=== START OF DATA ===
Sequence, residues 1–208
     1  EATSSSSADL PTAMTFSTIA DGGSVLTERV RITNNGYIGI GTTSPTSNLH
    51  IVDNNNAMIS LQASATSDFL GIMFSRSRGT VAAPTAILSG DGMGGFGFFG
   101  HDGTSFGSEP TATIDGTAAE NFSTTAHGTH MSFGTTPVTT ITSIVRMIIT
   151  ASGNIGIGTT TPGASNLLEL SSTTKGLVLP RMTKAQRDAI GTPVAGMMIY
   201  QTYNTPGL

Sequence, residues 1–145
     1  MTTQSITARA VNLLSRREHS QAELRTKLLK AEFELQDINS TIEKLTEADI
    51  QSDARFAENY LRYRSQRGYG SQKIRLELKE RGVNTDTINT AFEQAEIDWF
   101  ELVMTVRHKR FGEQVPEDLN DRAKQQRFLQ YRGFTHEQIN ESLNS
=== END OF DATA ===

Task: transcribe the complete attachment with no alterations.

Sequence, residues 1–208
     1  EATSSSSADL PTAMTFSTIA DGGSVLTERV RITNNGYIGI GTTSPTSNLH
    51  IVDNNNAMIS LQASATSDFL GIMFSRSRGT VAAPTAILSG DGMGGFGFFG
   101  HDGTSFGSEP TATIDGTAAE NFSTTAHGTH MSFGTTPVTT ITSIVRMIIT
   151  ASGNIGIGTT TPGASNLLEL SSTTKGLVLP RMTKAQRDAI GTPVAGMMIY
   201  QTYNTPGL

Sequence, residues 1–145
     1  MTTQSITARA VNLLSRREHS QAELRTKLLK AEFELQDINS TIEKLTEADI
    51  QSDARFAENY LRYRSQRGYG SQKIRLELKE RGVNTDTINT AFEQAEIDWF
   101  ELVMTVRHKR FGEQVPEDLN DRAKQQRFLQ YRGFTHEQIN ESLNS